The seller of today’s Nice Price or Crack Pipe Pantera says that it would be a good candidate for a rolling restoration. We’ll just have to see if its price is something you could roll with.
The Internet loves looking at cats. Well, this is the Internet, and yesterday we had a 1984 Jaguar XJS five-speed to look at, and that is sort of a cat. Unfortunately for the seller, that rare - and soon to be rarer owing to the copious areas of rust - Jag didn’t kindle much love. Even as unique as it was, its price took it down in an 84% Crack Pipe loss.
Cat are assholes, right? Well some people used to make the same claim about industrialist and Latin bon vivant Alejandro de Tomaso.
The Argentine-born De Tomaso was known for tweaking the noses of competitive car maker executives, and for bringing to the world cars like the Chrysler-Maserati TC and the gaudy De Tomaso Dodge Omni 024. Dude knew how to get attention.
He also famously commissioned a show car to be displayed at the 1971 Turin Motor Show that was the spitting image of Fiat’s upcoming X1/9. De Tomaso had been given a look at the pre-production Fiat and wanted to make the Italian company’s exec’s crap i loro pantaloni.
But for all of his mischief, and bluster, and serial car-maker purchases, the one thing that Alejandro De Tomaso will probably be most remembered for is for giving the world the Pantera.
Take a look at one and I think you will agree that all is forgiven. Drive one, and you might start thinking of doing dirty deeds yourself.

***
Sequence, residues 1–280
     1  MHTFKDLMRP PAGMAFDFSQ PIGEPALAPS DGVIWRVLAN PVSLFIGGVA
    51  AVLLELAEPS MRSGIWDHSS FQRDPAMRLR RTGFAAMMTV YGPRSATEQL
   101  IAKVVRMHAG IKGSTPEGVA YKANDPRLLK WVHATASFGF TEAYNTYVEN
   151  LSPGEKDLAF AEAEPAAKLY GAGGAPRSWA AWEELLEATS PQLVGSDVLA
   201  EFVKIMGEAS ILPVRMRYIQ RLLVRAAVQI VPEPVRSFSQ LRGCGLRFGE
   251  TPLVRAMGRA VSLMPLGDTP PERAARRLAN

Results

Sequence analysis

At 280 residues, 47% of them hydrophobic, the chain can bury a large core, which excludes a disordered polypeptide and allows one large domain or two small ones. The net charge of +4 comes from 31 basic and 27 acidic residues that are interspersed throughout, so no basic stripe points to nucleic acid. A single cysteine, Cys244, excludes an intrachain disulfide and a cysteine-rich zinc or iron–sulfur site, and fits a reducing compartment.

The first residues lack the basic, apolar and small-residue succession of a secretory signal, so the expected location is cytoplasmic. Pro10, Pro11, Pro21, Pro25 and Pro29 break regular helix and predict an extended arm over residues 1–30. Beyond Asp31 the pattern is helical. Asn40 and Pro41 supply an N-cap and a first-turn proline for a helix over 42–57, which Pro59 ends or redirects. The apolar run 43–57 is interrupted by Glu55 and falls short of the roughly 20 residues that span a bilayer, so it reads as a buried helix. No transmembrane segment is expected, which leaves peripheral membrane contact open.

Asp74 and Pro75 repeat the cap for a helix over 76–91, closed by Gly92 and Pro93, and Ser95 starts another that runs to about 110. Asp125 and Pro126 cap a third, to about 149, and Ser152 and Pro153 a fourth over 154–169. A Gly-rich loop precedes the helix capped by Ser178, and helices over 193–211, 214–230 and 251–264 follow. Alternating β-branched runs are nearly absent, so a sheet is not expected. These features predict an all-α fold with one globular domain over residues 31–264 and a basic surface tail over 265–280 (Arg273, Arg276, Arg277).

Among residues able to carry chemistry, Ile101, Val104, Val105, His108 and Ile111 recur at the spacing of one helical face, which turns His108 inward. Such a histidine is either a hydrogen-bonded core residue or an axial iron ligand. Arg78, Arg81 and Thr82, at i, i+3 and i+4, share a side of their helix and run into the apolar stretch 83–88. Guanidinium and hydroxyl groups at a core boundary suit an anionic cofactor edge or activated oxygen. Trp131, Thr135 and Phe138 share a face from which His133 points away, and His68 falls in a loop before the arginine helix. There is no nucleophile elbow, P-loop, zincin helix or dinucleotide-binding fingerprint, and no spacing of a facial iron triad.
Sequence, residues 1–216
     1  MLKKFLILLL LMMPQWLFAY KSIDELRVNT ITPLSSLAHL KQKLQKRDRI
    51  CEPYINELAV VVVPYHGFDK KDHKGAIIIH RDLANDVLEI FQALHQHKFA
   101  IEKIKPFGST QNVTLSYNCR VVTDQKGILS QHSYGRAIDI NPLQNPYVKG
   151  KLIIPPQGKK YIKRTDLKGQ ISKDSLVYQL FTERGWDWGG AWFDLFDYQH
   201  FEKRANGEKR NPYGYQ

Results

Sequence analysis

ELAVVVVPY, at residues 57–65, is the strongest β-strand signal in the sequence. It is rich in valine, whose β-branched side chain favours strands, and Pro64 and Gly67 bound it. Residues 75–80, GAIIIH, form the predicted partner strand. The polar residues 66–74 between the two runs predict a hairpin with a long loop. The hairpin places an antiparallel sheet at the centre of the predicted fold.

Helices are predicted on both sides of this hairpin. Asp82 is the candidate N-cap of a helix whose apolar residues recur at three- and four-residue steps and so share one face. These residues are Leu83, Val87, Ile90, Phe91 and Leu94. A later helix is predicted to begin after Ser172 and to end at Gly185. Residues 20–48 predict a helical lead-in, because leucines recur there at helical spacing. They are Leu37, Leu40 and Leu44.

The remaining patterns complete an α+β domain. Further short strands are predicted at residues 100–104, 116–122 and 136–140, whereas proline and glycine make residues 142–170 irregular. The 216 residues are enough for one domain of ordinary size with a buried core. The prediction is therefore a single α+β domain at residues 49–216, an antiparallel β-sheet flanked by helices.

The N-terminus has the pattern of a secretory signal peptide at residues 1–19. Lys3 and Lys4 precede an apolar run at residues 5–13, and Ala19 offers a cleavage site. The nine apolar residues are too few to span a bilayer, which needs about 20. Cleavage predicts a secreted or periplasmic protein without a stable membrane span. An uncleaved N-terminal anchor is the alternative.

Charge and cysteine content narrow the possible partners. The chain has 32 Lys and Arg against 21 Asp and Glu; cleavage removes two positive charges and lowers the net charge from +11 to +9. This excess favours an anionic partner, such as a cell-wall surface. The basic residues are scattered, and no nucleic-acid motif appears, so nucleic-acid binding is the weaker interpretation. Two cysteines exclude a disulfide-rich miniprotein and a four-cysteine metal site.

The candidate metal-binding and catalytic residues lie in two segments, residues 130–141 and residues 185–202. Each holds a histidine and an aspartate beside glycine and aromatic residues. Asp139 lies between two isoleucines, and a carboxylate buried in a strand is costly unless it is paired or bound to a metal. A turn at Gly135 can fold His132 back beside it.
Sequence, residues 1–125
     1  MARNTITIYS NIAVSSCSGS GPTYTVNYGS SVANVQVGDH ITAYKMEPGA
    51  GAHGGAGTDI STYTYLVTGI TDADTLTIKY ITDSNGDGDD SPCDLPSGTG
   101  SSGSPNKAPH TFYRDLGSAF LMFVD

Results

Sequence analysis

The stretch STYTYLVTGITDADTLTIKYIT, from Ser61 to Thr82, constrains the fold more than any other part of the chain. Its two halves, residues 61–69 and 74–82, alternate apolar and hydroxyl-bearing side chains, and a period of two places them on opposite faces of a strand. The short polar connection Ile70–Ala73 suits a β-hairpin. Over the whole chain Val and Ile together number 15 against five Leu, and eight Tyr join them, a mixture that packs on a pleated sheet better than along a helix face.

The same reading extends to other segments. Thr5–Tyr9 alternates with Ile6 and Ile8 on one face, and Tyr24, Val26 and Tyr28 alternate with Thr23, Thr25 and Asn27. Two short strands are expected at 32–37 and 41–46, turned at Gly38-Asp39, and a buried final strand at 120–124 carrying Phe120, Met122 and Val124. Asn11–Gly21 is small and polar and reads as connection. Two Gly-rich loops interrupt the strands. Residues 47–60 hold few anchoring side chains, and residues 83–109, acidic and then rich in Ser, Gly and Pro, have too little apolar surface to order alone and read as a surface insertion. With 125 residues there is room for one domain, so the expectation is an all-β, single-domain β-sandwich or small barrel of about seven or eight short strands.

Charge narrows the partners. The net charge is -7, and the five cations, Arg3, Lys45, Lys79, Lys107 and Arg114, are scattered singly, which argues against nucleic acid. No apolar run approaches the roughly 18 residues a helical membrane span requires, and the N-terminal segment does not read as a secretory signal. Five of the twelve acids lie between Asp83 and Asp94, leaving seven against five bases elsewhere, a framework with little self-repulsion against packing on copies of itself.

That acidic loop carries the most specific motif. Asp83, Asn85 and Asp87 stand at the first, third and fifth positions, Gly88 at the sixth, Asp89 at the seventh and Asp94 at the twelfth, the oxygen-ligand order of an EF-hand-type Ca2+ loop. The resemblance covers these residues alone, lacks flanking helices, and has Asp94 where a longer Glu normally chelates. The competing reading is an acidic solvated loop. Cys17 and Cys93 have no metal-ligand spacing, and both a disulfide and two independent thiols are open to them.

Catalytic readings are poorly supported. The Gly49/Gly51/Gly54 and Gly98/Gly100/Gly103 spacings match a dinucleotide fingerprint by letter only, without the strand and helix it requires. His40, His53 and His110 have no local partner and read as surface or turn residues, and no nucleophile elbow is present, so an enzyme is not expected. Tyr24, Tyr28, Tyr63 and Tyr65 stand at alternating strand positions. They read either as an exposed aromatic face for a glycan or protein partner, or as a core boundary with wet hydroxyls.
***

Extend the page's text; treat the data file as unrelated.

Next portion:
There’s been a dirty deed done dirt cheap to this 1972 Pre-L Pantera and that is the hole cut in the roof for the addition of a very Pep Boys pop-up moon roof. The Pantera’s Tom Tjaarda-penned, Carrozzeria Ghia design is one of history’s greatest and it’s a shame that someone felt the need to mar it with so tacky a taint to its top.
Other than that, the car is described as being structurally sound but in need of some tidying up, and looks okay in the pics. Perhaps most concerning, aside from the roof, is the engine cover/boot lid which is woefully out of alignment. The paint on the 55,000-miler looks to be in need of some attention too, and if you like wings but don’t like Hooters then there’s one of those on the lid in back as well.
The interior looks to be in very serviceable shape, with the original (and from my experience, wildly uncomfortable) seats and all trim intact. You’ll note that the gated shifter is a dogleg, with first out of the H. That’s something you get used to and honestly with the buckets of torque the big Cleveland right behind you puts out, shifting the ZF box isn’t something you’ll probably be doing all that much.
Prices on Panteras have gone through the roof in the past decade, and they always seem to be a good investment, or at least to hold their value. Perhaps the biggest issue in the Pantera trade is that there aren’t that many unmolested ones on the market as for the longest time the cars were so undervalued that people would personalize them to the n-th degree.
This one still even has its luggage tray and the seller says it’s well sorted mechanically. Oh and yes, as you’ll note the picture of those mechanicals, the gas filler on these early cars is directly above the exhaust manifold. Woosh!
This one is scruffy, but other than the wing, the sunroof, a freaky-deaky air cleaner, and the chrome Cromodoras (yech!) it looks pretty stock. There’s plenty to do to it and as such it comes with a fairly low - for running Panteras - price. That’s $58,500. Yes, I know that’s not low in general, but come on work with me here.
Now, considering that you’d need to re-steel that roof, de-chrome those damn wheels, and most likely repaint and de-wing the thing, do you think that $58,500 is a good starting place for this car? Before you answer, have a look at this one and its price.
Okay, now that we’ve compared and contrasted, what’s your take on this white knight and that $58,500 price? Is that a deal for a rolling restoration? Or, is that just not how you would roll?
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